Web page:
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Scream and Shout: Quint takes a look at Walter Hill's SOUTHERN COMFORT (1981)!

Ahoy, squirts! Quint here introducing a brand spankin' new column. Don't you love that new column smell? I'm calling it Scream and Shout because it'll be a regular look at the genre titles being put out by Shout Factory and its awesome horror division Scream Factory. Obviously, I'm not a very inventive person, so Scream and Shout it is!

Harry has his DVD column going strong, but because he covers every weekly release I thought it might be nice to take the concept of profiling a single Blu-Ray and mix it with a little of the feeling of that run of A Movie A Day I did a while back. This column won't be nearly as regular, but you should see at least one a week.

In these columns I'll be reviewing the movie, putting some thoughts down on the extra features (including commentaries and documentaries) and letting you know how the transfers are.

Shout is putting out some amazing titles and I'll be using this column to not only spotlight their current releases but also dipping back into their previous titles from time to time. I hope you enjoy it! Now let's get onto the introductory title...


You know those movies you saw once a decade or more back that can say you've seen, but you might as well not have because you remember fuck all about it? Southern Comfort was one of those movies for me. When it was brought up in geek conversation, usually by my ruggedly handsome pal AJ Bowen, I'd just nod along and although I had seen the movie I totally felt like a phony by scraping by on a technicality.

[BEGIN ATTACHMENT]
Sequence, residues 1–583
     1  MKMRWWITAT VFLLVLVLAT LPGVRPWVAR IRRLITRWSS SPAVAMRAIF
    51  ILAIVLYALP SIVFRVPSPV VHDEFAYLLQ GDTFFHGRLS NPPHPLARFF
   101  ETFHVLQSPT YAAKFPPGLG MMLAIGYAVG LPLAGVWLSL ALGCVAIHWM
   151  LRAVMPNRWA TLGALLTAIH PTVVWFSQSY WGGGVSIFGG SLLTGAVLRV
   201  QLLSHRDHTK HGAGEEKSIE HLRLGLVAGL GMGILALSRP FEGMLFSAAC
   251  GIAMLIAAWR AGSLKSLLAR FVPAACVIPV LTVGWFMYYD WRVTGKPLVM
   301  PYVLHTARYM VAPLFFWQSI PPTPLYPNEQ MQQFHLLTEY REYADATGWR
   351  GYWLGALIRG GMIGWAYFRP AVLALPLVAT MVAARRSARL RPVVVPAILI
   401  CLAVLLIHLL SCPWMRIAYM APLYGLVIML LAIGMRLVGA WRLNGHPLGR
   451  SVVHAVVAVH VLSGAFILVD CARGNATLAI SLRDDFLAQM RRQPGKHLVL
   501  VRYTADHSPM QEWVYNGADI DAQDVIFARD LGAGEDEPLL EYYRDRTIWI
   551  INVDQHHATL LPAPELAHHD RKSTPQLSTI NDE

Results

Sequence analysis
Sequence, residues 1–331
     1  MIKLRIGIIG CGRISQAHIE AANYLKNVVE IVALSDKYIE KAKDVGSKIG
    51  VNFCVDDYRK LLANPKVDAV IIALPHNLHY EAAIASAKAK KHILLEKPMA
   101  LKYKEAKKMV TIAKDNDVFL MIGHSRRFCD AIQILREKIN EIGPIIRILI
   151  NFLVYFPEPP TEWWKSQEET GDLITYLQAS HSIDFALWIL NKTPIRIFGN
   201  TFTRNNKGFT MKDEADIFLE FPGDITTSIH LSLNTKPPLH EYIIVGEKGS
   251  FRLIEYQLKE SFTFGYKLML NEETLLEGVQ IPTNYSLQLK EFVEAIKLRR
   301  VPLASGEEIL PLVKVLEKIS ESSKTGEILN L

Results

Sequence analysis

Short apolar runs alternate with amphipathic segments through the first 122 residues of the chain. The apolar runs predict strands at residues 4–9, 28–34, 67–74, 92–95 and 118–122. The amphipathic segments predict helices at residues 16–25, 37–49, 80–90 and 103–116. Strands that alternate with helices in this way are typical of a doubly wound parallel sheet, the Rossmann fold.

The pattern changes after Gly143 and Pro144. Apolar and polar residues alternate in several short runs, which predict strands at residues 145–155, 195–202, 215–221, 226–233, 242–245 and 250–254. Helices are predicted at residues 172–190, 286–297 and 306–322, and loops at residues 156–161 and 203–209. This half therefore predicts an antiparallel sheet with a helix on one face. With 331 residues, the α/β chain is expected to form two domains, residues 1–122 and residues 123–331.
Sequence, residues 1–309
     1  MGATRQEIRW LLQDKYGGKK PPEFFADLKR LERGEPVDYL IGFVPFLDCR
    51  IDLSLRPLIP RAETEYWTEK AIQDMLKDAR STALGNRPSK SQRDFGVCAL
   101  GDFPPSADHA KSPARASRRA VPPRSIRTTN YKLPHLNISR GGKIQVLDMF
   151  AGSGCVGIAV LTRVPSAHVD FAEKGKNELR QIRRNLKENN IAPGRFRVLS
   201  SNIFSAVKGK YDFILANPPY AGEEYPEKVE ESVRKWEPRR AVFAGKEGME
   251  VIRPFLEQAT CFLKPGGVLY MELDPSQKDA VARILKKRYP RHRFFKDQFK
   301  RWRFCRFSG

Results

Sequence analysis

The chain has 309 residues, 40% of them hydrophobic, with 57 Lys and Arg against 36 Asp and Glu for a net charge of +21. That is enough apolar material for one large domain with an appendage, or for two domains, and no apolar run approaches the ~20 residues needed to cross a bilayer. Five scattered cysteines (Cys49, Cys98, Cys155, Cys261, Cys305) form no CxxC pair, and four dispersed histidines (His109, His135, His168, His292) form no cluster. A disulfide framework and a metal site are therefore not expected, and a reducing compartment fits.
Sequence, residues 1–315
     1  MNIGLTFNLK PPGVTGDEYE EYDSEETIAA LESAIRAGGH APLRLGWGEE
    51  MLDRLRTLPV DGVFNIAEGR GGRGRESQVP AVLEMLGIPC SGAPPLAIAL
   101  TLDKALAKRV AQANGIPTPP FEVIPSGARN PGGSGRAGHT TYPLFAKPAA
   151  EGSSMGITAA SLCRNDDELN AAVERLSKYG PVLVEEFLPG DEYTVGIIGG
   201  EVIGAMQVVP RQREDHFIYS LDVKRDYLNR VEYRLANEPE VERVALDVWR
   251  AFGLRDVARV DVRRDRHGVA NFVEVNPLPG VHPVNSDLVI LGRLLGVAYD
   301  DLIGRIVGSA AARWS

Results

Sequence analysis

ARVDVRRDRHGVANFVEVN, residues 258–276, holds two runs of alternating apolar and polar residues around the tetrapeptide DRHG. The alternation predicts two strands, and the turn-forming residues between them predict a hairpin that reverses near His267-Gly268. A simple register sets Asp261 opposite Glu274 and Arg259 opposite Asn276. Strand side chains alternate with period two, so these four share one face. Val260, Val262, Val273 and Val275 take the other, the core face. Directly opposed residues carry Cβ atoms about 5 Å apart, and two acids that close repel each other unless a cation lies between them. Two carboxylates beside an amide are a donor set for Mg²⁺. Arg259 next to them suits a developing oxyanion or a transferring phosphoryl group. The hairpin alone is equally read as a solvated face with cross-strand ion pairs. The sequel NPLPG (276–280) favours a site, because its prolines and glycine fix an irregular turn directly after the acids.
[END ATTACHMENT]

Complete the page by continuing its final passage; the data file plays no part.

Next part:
Well, phony no more! I have refreshed the movie thanks to this Tuesday's release of the super pretty HD transfer put out by Shout and can say with all certainty that the movie is fuckin' rad. (Put that quote on the next release, I dare ya'!)

The only thing I really remembered from my 13 year old viewing of the movie was brutal headshot and creepy mountain man Brion James, so I was ready for this viewing. If you're unfamiliar with the flick, it's about a bunch of macho National Guardsmen on a training exercise through Louisiana swampland when they do something stupid and incur the wrath of a bunch of pissed off backwoods Cajun trappers.

There's a little Deliverance in there (a connection that was abundantly underlined in the marketing upon release), a little bit of Walter Hill's previous film, The Warriors, in there and a whole lot of southern flavor.

Even though Deliverance is the most obvious pairing for a sweet double feature, the one I'd actually go for is Predator. Both are movies in jungle settings about macho men being hunted and hunted successfully. Plus, they both share a cast member (Sonny Landham). The other men's men in this movie include Powers Boothe, Keith Carradine, Fred Ward, Peter Coyote, Lewis Smith and TK Carter.

While most of those guys are people you wouldn't want to mess with, they totally feel like the National Guard version of the elite squad seen in Predator. Tough, but not really all that serious and therein lies the great secret to this movie's success. These guys are all bark and no bite. Hell, their guns don't even have real ammo, just blanks. As poor and dirty and uneducated as the hunters are they clearly have the upper hand from their first encounter and that never changes, even when they capture one.

Walter Hill's choice to shoot entirely on location in the Louisiana swamps makes for a unique visual identity that's matched only by the growing sense of dread as the group of National Guardsmen gets whittled down to its final survivors. Hill doesn't show them until the very end, so the swamp itself is the villain for the majority of the movie... or at the very least a willing accomplice, hiding the hillbilly predators from their prey.